Helping Hurricane Odile survivors led this 2022 Healthline Stronger Fellowship winner to find his calling.
Daniel Samano, MD, was on his way to the airport after helping Hurricane Odile survivors for 5 days. Then the driver lost control and overturned the car.
Samano noticed that one of the other passengers needed immediate attention, but the hospital had been destroyed in the storm. The next best option was to rush to the airport with the help of local authorities and airlift her to a hospital in Mexico City, where Samano grew up, more than 1,000 miles away.
She was released from the hospital a week later, but the experience left a lasting impact on Samano. The incident shone a spotlight on how natural disasters can affect access to healthcare.
This memory would become a driving force behind his research on extreme weather and access to health care in the years that followed.
He has since earned a master’s degree in public health and is currently pursuing a master’s degree in climate and health sciences at the University of Miami, bolstering his training as a physician.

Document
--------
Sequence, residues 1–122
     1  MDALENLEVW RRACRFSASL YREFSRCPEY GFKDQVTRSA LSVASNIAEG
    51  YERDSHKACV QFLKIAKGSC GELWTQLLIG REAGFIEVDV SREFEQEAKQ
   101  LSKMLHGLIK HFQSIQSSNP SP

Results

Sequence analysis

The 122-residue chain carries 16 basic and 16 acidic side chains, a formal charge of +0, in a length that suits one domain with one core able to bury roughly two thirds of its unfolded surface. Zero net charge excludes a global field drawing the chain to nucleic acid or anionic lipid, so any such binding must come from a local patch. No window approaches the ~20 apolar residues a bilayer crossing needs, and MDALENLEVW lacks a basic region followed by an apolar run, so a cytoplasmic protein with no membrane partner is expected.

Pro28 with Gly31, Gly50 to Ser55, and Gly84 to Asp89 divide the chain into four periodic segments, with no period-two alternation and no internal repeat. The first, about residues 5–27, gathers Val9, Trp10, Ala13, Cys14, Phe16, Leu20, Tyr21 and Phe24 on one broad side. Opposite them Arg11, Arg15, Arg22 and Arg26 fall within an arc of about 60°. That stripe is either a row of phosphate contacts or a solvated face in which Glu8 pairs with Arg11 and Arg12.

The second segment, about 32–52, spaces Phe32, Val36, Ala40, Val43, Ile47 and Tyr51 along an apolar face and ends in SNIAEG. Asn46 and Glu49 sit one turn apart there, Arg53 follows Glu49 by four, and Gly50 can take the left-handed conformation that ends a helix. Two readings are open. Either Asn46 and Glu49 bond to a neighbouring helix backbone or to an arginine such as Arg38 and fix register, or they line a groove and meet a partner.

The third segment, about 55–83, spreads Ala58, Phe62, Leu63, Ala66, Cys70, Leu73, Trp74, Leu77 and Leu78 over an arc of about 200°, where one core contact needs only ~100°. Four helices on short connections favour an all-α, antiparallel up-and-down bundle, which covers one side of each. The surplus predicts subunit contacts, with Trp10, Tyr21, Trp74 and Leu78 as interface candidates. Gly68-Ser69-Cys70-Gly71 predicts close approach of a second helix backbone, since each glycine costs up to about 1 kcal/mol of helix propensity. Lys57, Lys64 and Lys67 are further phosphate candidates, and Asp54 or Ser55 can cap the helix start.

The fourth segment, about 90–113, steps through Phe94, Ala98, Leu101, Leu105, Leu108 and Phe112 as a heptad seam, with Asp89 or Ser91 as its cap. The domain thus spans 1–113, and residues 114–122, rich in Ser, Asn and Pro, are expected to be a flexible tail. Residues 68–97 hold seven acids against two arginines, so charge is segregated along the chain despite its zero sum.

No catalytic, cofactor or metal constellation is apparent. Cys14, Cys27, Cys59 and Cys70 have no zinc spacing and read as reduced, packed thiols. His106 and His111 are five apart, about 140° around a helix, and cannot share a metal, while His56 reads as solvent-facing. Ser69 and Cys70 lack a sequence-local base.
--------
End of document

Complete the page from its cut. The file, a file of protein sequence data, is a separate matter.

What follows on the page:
“No matter how many titles or degrees a person can get, the best rewards in life come from being able to save lives and have a positive impact on the community,” says the 36-year-old. “My ultimate goal is to continue bridging clinical medicine, climate and health and public health.”
We asked Samano about his studies, his goals and his obstacles. Here’s what he had to say.
This interview has been edited for brevity, length and clarity.
What first brought me into the fields of medicine and public health, as well as my current studies in climate and health science, was a genuine interest in helping people, from the individual level to the entire population. There are a few experiences that brought me to where I am today.
I served as a physician for an Aboriginal community of over 5,000 people in an extremely rural area, which helped me recognize the importance of public health work and the role of physicians.
I also provided relief care after Hurricane Odile in Los Cabos, Mexico in 2014. I saw firsthand how extreme weather events affect the health of survivors and limit their access to needed care.
Finally, in the 4 years I have been in Miami, I have noticed how unaware South Florida residents are of the subtle but steady degradation of the climate. They don’t see how it affects their health, their access to health care and much more.